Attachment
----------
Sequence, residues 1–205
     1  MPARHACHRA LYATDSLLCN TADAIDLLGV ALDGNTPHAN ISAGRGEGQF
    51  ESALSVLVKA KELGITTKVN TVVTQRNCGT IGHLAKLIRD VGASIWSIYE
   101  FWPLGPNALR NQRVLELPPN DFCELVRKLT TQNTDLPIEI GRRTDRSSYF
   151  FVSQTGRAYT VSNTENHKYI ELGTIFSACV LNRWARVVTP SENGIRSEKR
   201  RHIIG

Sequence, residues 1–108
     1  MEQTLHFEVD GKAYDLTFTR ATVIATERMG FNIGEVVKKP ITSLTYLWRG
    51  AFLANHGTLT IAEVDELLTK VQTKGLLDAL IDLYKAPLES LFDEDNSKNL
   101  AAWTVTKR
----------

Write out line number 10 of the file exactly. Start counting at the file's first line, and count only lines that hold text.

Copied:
   101  AAWTVTKR